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Quote of the Day - Delay always breeds danger and to protract a great design is often to ruin it. - Miguel de Cervantes Saavedraish, 1547-1616
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Equal Pay Claims Subject To 180-day Statute Of Limitation From Date Of Injury

Statutes of limitation bar old and stale claims, and provide certainty to eliminate past claims that may exist.  For years, the date of injury has been the trigger for statutes of limitation in tort (injury) claims.  In other words, it's the injury that puts the injured person on notice that the clock is ticking to file suit.  The concept that the date of injury triggers the start of a statute of limitation has been the rule of law well before Sir William Blackstone started writing his commentary on the law in merry old England back in the mid-1700's. 

So this week's Supreme Court decision in Ledbetter v. Goodyear Tire & Rubber Company may surprise some, but perhaps more so on the basis that the Court was split along ideological lines in its 5-4 decision upholding Congresses' 180-day statute of limitation for bringing equal pay claims under the 1964 Civil Rights Act instead of this fairly long-established rule of law.   Justice Ruth Bader Ginsburg makes this point best with her dissent:  "The Court does not comprehend, or is indifferent to, the insidious way in which women can be victims of pay discrimination."   Justice Ginsburg pointed out that early in a woman's employment at a company, she may not even be aware of the salaries of others, and "understandably may be anxious to avoid making waves."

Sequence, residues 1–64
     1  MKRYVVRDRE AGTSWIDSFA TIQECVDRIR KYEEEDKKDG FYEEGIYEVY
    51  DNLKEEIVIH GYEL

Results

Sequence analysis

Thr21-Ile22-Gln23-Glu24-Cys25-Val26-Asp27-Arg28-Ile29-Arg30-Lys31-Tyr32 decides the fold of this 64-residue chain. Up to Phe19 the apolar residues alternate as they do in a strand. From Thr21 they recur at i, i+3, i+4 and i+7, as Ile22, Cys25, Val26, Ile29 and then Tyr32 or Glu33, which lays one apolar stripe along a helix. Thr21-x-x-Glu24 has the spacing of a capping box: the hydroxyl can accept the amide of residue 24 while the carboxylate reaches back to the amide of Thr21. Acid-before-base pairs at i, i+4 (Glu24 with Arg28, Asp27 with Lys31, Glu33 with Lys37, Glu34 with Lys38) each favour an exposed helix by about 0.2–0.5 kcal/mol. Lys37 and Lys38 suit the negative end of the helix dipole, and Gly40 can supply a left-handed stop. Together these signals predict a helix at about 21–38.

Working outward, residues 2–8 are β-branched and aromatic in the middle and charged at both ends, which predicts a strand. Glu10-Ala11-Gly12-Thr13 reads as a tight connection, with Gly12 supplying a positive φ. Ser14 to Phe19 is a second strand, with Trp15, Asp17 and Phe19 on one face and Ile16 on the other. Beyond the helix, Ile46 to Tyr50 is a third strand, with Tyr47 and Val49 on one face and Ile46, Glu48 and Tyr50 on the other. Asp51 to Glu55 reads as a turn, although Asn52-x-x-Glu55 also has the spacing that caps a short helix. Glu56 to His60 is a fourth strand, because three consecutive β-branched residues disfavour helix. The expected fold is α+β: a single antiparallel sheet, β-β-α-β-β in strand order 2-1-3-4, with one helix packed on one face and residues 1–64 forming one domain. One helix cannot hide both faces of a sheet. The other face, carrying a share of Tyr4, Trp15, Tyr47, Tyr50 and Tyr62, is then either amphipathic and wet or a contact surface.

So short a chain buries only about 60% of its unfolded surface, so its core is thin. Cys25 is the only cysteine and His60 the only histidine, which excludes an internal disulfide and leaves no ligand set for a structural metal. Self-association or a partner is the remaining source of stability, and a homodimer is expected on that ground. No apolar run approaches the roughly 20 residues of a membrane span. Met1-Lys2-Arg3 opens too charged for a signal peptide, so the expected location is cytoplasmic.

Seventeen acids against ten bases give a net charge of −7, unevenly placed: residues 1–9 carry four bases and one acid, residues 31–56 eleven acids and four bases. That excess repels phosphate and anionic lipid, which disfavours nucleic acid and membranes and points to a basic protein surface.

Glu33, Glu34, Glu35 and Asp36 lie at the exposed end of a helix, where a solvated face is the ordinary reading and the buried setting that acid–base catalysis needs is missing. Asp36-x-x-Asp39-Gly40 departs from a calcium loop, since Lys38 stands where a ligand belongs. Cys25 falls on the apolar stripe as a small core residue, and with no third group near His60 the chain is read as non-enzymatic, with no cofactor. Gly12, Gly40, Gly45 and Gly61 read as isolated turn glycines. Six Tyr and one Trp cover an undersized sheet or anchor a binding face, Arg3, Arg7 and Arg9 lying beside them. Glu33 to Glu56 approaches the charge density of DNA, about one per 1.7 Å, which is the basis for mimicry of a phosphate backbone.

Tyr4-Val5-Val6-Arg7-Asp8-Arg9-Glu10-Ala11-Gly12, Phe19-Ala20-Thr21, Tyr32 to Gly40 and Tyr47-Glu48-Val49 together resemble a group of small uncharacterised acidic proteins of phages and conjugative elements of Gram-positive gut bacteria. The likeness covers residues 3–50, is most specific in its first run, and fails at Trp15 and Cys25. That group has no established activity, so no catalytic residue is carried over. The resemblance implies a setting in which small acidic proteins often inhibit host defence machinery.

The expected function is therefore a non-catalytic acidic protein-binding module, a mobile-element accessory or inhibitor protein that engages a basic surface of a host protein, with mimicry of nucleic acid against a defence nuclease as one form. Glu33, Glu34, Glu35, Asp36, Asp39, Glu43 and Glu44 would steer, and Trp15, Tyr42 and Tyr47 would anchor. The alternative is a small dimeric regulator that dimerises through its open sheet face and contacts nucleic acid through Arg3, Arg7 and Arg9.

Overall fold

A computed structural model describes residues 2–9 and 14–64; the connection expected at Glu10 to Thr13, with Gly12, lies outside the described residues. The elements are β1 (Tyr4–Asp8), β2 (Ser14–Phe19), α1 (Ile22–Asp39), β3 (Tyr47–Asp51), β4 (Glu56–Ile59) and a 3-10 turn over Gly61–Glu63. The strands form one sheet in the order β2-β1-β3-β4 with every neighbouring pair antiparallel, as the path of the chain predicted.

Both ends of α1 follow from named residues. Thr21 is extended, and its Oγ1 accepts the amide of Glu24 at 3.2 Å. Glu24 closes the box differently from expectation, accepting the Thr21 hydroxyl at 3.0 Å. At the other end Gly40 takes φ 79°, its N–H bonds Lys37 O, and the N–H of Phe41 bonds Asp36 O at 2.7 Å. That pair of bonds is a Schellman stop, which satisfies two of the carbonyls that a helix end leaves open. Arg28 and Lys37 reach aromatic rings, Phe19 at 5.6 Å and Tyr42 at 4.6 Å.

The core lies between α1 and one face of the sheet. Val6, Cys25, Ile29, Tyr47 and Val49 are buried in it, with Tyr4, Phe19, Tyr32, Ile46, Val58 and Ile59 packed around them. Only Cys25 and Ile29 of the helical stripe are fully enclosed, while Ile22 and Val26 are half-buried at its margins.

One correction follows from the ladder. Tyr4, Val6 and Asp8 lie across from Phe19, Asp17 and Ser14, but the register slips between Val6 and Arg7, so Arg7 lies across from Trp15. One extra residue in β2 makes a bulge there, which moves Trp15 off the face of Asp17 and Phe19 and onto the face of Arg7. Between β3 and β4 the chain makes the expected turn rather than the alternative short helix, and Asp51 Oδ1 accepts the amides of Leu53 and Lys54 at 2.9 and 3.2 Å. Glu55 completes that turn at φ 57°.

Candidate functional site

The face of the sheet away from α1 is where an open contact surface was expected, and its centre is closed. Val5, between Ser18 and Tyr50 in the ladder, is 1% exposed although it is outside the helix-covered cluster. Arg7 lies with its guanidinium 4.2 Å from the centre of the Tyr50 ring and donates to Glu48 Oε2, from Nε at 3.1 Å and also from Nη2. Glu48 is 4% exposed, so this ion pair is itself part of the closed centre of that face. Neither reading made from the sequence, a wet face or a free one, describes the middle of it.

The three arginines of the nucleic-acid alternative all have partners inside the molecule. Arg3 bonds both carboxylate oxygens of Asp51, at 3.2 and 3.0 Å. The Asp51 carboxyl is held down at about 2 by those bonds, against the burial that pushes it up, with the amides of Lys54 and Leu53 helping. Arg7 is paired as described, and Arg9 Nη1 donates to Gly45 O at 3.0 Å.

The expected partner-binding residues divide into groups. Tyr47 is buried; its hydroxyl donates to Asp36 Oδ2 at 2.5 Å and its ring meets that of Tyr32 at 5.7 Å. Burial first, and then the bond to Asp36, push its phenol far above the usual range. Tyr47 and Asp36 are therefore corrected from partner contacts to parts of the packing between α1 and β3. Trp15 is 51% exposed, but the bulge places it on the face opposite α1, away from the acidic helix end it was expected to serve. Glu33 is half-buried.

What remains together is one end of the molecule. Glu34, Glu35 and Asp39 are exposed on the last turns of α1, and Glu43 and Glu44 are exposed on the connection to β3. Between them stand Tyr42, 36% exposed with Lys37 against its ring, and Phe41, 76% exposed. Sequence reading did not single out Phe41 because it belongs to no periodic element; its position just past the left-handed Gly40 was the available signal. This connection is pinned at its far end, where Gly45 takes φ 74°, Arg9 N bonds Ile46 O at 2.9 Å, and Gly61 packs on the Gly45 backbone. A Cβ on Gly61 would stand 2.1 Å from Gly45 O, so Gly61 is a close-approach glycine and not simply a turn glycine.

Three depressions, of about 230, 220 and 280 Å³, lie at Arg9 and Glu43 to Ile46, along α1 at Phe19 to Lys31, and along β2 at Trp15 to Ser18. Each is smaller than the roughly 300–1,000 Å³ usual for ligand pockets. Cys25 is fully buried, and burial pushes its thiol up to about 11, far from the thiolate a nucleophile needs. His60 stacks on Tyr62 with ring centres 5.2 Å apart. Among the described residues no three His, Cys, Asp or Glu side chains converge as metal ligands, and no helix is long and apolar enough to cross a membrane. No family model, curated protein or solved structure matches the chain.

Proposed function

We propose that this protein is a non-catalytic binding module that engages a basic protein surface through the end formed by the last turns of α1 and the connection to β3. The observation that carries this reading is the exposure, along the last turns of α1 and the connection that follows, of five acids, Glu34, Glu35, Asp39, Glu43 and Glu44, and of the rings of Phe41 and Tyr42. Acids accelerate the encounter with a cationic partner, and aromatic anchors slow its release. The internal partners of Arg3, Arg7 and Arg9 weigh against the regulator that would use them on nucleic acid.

But that's not the test.

The basis for determining whether a claim is time-barred is based on the injury, not the remedy.  Justice Ginsburg argues instead for a tolling or delay of the 180-day time period based on the more amorphous passage of time to develop a better case.  "Only over time is there strong cause to suspect that discrimination is at work," Justice Ginsburg wrote, meaning that a woman may not become aware of her claim for pay differential years after the cause of action arose.  But Congress could not have intended such a result when it enacted a 180-day time limit on claims.

The majority opinion was written by Justice Samuel Alito who wrote, "This short deadline reflects Congress' strong preference for the prompt resolution of ... allegations."  The majority decision was based on the core rationale for statutes of limitation:  protecting employers from having to defend practices that may be long over. 

Certainly Congress can amend the Civil Rights Act and provide for a longer statute of limitation as Justice Ginsburg suggested in her dissent, but for now, the law of the land provides 180 days to bring a claim under Title VII.

Printer friendly page Permalink Email to a friend Posted by J. Craig Williams on Wednesday, May 30, 2007 at 15:42 Comments Closed (0) |
 
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